The many features and advantages of the invention are apparent from the detailed specification, and, thus, it is intended by the appended claims to cover all such features and advantages of the invention which fall within the true spirit and scope of the invention. Further, since numerous modifications and variations will readily occur to those skilled in the art, it is not desired to limit the invention to the exact construction and operation illustrated and described, and, accordingly, all suitable modifications and equivalents may be resorted to that fall within the scope of the invention.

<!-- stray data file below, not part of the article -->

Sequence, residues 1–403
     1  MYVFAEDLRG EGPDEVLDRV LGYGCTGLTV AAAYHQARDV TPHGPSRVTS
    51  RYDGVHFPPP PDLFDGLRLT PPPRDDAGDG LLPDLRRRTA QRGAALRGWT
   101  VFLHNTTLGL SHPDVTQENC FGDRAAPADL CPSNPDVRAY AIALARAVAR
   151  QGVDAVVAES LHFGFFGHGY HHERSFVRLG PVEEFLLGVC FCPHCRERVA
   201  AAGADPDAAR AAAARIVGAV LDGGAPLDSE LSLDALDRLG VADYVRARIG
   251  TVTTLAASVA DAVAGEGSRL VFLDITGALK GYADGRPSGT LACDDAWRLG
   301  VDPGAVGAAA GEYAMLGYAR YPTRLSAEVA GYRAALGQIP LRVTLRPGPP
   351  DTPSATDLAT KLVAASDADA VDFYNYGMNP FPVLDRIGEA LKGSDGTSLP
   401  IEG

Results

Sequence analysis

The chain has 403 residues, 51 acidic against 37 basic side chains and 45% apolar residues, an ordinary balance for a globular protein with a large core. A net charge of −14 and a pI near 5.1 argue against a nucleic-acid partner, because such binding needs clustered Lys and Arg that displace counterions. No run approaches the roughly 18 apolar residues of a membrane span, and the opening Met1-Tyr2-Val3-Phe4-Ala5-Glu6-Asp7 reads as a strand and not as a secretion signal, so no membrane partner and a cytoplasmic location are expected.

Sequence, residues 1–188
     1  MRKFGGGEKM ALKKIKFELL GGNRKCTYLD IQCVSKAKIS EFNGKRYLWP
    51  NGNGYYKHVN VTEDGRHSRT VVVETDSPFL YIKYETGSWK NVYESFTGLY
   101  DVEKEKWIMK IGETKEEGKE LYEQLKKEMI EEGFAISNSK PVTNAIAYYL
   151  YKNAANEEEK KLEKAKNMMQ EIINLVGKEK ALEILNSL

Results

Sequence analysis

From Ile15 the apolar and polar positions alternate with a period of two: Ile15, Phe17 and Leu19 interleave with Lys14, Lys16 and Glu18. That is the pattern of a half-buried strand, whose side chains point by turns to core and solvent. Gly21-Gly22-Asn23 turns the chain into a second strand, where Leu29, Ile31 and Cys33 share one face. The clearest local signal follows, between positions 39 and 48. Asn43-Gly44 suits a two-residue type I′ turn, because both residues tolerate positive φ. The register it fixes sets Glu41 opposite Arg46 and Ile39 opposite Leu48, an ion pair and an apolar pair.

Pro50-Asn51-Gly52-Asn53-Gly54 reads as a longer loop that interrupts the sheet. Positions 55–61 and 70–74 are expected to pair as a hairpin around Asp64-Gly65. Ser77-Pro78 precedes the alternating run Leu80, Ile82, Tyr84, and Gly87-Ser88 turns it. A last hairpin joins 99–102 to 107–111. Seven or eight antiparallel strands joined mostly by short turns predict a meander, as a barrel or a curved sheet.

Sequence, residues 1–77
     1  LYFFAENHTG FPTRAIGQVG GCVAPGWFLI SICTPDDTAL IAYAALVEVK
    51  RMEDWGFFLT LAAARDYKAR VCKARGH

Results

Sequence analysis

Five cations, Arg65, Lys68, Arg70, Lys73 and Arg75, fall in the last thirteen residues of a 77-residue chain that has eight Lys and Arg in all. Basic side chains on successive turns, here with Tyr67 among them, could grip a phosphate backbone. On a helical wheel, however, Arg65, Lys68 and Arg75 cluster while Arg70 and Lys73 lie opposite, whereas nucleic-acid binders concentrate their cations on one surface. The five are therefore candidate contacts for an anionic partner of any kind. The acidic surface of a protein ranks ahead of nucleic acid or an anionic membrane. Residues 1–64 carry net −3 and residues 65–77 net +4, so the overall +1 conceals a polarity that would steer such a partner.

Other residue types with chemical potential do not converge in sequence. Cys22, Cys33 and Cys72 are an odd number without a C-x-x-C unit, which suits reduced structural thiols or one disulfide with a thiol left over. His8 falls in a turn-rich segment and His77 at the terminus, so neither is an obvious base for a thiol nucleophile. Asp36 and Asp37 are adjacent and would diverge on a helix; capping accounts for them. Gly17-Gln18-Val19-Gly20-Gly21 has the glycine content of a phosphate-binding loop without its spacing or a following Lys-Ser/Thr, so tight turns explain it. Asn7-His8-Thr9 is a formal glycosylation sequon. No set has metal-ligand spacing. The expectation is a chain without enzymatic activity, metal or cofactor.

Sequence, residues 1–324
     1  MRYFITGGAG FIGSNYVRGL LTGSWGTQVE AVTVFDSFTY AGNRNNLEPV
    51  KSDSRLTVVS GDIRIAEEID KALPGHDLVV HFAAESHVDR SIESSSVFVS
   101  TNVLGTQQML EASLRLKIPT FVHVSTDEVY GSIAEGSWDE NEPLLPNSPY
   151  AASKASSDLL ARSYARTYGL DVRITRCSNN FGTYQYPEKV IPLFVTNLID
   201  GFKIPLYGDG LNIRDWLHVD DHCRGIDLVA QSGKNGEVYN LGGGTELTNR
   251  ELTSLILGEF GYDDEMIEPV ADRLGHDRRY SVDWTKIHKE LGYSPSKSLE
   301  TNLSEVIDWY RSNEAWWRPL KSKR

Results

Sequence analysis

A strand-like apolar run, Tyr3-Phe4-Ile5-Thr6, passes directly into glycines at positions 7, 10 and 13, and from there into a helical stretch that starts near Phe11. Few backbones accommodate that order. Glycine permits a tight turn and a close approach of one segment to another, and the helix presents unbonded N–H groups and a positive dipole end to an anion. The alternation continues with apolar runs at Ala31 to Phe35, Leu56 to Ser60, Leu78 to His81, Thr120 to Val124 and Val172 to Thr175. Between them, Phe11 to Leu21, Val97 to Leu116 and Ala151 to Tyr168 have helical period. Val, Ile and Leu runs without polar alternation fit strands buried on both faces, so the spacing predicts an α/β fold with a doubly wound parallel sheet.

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|Citing Patent||Filing date||Publication date||Applicant||Title|
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|U.S. Classification||361/42, 361/82|
|Cooperative Classification||G08B29/24, H02J9/06|
|Apr 13, 2006||AS||Assignment|
Owner name: GE SECURITY, INC., FLORIDA
Free format text: ASSIGNMENT OF ASSIGNORS INTEREST;ASSIGNOR:COSTA, HILARIO S.;REEL/FRAME:017774/0084
Effective date: 20060411
|Jul 31, 2006||AS||Assignment|
Owner name: GE SECURITY, INC., FLORIDA
Free format text: CORRECTION TO ASSIGNEE CITY PREVIOUSLY RECORDED ON REEL 017771, FRAME 0084;ASSIGNOR:COSTA, HILARIO;REEL/FRAME:018035/0058
Effective date: 20060411
|Sep 28, 2012||FPAY||Fee payment|
Year of fee payment: 4
|Oct 27, 2016||FPAY||Fee payment|
Year of fee payment: 8